In light of recent pronouncements of our supreme court directed to the question of waiver of error, and the procedural considerations making such a rule necessary, we consider that the issue of whether the State has failed to prove the essential elements of its case is also subject to the waiver rule unless first presented to the trial court by a post-trial motion. We will address the claims of error raised by defendant for the first time on appeal to the extent necessary to determine whether they require full consideration as a plain error exception to that rule.
The “reasonable doubt” issue raised by defendant arises from the conflicting evidence which was presented to the jury for resolution. Defendant notes minor inconsistencies in the testimony of Dawn Hoover, her personal bias against him and that she testified as an accomplice as factors affecting her credibility as a witness. Her testimony was, however, corroborated, in part, by other witnesses and by admissions attributed to defendant.
It is the function of the jury to determine credibility of the witnesses, *31the weight to be given their testimony and the inferences to be drawn therefrom (People v. Wilson (1977), 66 Ill. 2d 346, 349, 362 N.E.2d 291, 292; People v. Akis (1976), 63 Ill. 2d 296, 298, 347 N.E.2d 733, 734.) A conflict in the testimony does not, by itself, create a reasonable doubt of guilt (People v. Gonzales (1978), 60 Ill. App. 3d 980, 990, 377 N.E.2d 91, 99), and accomplice testimony may, if believed by the jury, be sufficient to sustain a conviction. (People v. Wilson (1977), 66 Ill. 2d 346, 349, 362 N.E.2d 291, 292; People v. Hansen (1963), 28 Ill. 2d 322, 332, 192 N.E.2d 359, 365, cert. denied (1964), 376 U.S. 910, 11 L. Ed. 2d 608, 84 S. Ct. 665.) We conclude there is no basis presented upon which defendant may avoid the waiver rule as to the issue of reasonable doubt, and we will not consider it further.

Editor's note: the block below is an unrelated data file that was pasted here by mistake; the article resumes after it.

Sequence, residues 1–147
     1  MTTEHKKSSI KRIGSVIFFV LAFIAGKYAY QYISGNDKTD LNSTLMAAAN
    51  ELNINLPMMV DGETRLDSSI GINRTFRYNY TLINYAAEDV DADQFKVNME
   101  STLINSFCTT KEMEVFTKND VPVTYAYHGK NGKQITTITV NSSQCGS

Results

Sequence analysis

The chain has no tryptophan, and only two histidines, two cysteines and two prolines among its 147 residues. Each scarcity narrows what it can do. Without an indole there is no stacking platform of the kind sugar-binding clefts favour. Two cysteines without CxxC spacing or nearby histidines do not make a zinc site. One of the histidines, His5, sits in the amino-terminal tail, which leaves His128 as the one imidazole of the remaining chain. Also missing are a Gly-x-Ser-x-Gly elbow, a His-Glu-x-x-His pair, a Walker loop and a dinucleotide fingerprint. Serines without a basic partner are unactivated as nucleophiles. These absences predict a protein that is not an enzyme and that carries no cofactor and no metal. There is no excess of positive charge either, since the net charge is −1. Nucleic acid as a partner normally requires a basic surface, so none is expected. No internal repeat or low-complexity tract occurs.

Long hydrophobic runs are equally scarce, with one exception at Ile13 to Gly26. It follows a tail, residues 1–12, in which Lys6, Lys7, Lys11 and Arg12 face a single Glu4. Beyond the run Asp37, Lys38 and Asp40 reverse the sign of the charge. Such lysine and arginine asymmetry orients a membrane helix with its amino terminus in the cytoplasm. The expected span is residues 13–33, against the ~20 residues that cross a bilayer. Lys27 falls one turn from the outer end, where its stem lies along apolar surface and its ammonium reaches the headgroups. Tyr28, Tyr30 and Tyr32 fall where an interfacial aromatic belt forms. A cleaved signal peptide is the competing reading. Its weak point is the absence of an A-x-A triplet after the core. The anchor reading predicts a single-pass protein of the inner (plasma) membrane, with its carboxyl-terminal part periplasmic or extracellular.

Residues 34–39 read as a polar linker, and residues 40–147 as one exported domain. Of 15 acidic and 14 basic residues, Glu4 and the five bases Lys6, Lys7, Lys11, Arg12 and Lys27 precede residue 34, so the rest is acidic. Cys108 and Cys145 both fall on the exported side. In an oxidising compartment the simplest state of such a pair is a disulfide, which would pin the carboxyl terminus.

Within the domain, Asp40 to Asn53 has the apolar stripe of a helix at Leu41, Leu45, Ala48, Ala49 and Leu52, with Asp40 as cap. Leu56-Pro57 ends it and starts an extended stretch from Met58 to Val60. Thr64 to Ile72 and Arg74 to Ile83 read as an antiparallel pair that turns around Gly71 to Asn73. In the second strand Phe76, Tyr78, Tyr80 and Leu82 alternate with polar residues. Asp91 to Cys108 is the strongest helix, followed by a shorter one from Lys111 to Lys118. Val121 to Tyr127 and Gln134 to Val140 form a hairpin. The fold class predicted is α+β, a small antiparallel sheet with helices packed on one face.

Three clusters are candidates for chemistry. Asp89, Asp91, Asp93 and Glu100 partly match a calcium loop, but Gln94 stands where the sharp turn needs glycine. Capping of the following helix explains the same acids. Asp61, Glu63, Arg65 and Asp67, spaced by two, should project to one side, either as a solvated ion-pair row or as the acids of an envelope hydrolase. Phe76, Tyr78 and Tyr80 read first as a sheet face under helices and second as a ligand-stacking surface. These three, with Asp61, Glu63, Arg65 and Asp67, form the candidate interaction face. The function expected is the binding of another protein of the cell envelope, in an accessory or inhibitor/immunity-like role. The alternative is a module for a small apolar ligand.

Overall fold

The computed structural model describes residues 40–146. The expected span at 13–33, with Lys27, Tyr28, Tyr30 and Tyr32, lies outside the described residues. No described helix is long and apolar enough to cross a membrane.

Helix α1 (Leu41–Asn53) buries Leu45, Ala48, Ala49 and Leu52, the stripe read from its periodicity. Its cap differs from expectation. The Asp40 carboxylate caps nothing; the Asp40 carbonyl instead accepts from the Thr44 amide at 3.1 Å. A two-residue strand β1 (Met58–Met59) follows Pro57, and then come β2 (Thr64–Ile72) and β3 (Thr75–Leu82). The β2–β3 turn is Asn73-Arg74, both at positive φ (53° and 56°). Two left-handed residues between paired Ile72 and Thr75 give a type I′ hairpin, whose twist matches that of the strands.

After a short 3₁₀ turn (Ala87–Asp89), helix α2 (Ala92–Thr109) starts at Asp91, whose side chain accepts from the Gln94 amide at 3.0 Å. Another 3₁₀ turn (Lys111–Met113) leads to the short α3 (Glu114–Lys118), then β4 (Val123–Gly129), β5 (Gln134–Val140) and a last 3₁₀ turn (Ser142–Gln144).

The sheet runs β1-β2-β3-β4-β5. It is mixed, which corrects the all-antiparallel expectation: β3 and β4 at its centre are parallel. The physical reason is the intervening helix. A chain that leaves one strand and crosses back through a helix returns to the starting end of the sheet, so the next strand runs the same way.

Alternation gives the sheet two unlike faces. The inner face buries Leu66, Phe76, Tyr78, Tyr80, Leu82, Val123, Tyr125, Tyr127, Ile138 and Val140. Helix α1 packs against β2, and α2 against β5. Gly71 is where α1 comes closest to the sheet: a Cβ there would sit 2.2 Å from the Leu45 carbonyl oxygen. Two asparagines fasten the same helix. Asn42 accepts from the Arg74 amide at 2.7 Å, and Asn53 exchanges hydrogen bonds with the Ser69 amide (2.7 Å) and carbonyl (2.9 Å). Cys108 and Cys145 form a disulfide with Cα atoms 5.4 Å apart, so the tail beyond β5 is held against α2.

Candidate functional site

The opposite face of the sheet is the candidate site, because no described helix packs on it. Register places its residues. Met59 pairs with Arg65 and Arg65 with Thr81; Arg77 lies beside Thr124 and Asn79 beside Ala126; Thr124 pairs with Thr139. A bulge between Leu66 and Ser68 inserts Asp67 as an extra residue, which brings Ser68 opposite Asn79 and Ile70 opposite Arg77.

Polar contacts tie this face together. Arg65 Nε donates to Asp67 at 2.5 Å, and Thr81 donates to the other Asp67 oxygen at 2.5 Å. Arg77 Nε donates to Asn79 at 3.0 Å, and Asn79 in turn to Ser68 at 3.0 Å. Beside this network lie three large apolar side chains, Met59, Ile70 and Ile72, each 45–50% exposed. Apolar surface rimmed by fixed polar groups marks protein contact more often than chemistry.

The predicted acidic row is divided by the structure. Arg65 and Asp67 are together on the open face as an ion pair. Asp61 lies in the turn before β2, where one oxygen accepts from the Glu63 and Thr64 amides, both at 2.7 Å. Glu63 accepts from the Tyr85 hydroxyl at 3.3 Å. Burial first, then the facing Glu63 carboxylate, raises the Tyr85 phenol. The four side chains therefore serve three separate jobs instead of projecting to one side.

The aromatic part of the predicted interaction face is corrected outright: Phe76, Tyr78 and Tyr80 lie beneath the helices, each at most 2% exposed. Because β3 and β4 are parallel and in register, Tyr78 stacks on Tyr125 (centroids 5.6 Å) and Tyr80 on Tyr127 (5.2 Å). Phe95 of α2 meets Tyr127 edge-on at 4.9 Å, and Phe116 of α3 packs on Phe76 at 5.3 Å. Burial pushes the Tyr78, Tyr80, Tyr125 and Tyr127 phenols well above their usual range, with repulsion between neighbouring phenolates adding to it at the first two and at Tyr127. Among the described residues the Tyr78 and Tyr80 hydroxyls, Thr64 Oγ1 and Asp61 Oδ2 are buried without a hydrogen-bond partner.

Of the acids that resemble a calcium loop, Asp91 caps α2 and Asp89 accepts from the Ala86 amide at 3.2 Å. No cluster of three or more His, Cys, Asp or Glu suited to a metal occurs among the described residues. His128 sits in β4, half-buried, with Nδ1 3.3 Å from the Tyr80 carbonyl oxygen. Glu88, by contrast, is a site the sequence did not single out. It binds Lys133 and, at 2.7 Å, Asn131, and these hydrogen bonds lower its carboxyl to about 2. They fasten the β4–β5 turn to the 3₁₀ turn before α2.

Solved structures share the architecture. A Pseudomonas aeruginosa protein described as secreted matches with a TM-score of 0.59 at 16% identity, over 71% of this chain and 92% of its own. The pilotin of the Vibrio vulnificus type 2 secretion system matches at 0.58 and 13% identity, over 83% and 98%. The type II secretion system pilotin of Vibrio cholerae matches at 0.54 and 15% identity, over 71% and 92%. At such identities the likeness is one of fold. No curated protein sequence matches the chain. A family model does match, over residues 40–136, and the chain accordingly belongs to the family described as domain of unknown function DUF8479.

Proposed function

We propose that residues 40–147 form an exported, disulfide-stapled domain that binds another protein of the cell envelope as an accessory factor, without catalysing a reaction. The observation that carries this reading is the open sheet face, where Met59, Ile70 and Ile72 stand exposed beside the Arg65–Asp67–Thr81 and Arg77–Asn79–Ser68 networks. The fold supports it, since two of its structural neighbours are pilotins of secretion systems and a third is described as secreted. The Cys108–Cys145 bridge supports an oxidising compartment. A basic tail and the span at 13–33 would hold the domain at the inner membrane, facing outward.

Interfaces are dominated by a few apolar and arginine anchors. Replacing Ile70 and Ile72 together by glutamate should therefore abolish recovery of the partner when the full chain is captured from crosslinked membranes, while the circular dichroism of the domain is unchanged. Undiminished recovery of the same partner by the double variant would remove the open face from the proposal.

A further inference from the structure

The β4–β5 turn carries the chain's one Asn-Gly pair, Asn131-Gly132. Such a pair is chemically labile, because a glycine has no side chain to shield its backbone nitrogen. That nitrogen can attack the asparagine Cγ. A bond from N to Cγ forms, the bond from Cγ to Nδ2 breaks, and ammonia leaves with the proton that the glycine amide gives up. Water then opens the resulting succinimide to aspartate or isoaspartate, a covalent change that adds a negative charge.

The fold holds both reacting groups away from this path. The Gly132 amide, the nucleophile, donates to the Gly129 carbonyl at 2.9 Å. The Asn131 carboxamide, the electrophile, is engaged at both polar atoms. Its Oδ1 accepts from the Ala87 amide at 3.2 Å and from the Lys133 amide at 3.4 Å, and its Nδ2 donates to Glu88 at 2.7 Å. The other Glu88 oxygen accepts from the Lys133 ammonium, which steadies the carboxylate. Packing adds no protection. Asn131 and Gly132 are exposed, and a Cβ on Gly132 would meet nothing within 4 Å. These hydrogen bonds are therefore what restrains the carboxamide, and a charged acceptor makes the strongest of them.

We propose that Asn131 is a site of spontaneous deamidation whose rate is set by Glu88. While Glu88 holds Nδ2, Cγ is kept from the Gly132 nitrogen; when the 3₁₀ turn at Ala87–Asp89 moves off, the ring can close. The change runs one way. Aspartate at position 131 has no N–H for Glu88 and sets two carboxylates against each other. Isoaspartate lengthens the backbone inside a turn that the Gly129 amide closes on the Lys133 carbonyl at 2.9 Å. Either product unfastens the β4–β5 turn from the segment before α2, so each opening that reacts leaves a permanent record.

Defendant also contends the trial court erred in admitting certain rebuttal testimony relating to his admissions without proper foundation. We find the ruling of the court was correct and no error occurred. See People v. Bell (1975), 27 Ill. App. 3d 171, 326 N.E.2d 507; see also Buck v. Maddock (1897), 167 Ill. 219, 47 N.E. 208; Security Savings & Loan Association v. Commissioner of Savings & Loan Associations (1979), 77 Ill. App. 3d 606, 396 N.E.2d 320.
For the foregoing reasons the judgment of the circuit court of Stephenson County will be affirmed.
HOPF and LINDBERG, JJ., concur.